I have to admit. I'm not one to share that much about myself (personally), particularly in video. But as Bob Dylan has sang, "Times, they are a changing."
Keek is a social video network that lets people upload video snippets of just about anything from their mobile phones. It's a bit like Twitter but what's shared isn't 140-character Tweets, but rather 36-second Keeks. Toronto-based Keek announced Tuesday that it's raised $7 million for its social video network from Toronto-based Cranson Capital Securities, as well as Pinetree Capital and Whitecap Venture Partners.
Since launching in July 2011 on the Web, and on mobile in March of this year, Keek has seen 6.4 million videos uploaded, two million created in August alone, and 250 million pageviews and 21 million visits in August. The company is also approaching 10 million members sharing their interests via video.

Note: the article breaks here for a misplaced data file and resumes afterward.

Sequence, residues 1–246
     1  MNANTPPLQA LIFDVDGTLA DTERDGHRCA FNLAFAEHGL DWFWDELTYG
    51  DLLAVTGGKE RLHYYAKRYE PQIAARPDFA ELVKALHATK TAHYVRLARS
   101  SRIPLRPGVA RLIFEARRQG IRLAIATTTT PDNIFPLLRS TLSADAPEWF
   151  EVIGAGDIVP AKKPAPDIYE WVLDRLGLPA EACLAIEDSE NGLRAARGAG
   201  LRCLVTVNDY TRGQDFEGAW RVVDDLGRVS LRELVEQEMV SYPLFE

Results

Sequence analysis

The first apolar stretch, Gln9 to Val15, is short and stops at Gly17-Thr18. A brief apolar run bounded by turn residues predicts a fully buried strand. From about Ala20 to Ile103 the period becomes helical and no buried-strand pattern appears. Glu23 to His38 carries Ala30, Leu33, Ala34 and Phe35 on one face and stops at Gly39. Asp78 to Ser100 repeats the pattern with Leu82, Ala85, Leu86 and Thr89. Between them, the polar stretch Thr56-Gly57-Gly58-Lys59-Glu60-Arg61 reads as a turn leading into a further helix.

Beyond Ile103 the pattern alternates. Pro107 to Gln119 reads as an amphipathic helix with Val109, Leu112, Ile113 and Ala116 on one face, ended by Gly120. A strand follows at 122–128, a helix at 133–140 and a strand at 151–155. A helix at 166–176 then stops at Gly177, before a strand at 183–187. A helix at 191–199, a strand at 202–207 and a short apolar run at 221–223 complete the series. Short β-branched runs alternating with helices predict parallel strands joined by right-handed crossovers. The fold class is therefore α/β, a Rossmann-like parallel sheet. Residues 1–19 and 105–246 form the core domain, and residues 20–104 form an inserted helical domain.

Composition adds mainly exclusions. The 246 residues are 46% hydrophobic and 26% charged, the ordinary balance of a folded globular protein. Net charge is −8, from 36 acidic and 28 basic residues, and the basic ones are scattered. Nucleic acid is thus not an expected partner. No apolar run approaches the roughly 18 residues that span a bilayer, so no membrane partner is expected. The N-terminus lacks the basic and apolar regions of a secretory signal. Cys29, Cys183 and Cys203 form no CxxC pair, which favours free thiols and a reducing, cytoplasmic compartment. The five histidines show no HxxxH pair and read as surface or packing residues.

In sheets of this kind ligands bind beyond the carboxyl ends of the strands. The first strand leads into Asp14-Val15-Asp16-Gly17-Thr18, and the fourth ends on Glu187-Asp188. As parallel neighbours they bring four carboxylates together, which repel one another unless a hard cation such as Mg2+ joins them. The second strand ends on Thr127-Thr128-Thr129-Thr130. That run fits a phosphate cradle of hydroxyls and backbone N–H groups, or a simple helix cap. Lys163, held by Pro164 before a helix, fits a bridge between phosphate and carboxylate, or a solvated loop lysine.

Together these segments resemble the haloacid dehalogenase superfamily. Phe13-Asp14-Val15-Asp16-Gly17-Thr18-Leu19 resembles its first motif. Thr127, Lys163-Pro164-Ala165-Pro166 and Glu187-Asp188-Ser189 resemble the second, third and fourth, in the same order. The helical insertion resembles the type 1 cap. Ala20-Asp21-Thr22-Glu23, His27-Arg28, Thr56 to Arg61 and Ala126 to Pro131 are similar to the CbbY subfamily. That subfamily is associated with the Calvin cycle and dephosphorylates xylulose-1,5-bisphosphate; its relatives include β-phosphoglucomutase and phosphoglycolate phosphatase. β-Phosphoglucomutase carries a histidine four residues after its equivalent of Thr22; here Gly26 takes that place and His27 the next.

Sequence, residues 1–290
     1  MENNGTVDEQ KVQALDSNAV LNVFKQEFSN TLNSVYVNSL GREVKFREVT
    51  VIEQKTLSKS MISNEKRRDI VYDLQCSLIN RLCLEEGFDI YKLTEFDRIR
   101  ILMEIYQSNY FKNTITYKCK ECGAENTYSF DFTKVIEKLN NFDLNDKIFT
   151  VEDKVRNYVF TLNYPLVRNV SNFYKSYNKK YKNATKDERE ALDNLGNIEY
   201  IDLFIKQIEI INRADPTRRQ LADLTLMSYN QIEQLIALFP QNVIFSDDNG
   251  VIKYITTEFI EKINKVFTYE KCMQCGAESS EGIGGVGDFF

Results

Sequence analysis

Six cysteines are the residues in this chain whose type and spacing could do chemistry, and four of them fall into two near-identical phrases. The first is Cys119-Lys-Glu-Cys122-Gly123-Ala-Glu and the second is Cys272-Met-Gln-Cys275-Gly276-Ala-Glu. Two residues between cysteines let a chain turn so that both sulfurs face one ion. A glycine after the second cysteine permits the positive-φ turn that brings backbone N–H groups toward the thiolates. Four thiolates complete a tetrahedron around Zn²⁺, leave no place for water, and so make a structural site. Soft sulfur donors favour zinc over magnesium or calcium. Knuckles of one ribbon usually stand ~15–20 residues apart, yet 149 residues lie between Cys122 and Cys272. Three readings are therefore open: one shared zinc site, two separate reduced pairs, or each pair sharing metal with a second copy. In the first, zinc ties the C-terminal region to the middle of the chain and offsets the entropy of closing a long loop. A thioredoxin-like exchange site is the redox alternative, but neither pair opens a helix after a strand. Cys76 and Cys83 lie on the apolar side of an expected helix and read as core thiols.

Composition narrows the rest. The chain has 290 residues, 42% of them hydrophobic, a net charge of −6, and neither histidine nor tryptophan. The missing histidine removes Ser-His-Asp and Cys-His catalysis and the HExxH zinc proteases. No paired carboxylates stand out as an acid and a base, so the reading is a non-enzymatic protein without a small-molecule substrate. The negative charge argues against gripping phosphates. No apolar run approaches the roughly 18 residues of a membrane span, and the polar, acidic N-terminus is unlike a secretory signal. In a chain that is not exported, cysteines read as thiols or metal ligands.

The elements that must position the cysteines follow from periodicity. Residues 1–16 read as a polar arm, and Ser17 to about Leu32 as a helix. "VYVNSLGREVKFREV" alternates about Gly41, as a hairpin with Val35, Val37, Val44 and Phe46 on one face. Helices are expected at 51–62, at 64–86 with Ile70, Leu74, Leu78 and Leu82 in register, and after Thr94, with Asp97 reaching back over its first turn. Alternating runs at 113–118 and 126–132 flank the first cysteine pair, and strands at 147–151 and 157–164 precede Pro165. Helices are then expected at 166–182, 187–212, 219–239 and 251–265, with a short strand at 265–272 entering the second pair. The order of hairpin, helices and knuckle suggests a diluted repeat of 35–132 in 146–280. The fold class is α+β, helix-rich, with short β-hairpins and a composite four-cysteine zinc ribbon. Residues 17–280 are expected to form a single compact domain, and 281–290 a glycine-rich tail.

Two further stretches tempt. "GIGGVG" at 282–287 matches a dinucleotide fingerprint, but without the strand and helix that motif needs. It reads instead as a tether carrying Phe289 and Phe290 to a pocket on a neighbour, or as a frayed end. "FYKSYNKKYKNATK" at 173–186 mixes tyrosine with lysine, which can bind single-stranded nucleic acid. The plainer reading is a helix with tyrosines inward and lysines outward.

"We're a complete social networking platform where people communicate using short structured videos," said Isaac Raichyk, CEO of Keek.
The company limits the video sharing to 36 seconds partly to save on the cost of delivering videos, but also because most people don't want to see long videos, said Raichyk.
So who's using this and for what? The demographic is young, which isn't surprising. And, the use cases run the gamut of people video-taping themselves to video-taping their baby smiling. Once a person uploads a video, they can share with their friends or fans on Facebook. A person can also attract followers. Some users have 250,000 followers, which suggests that Keek is starting to be used as a way for celebrities to interact with their fans.
But can't they do this on Twitter, you ask. Yes. They can upload videos and photos and obviously text. But Keek allows users to create a dialogue around one video. So a person can upload a video, and others can comment via video or text and those interactions are attached to the video, and not lost in a stream of new videos and texts.
Keek does remind me a bit of Seesmic, which was recently sold and had multiple business models. But Seesmic started off as a video Twitter. What makes Keek different?
"My impression is they were too early," said Raichyk. "They were trying to do short videos before the iPhone... Clearly the ability to capture moments of your life or your message using the mobile devices is key to the success of this kind of a platform."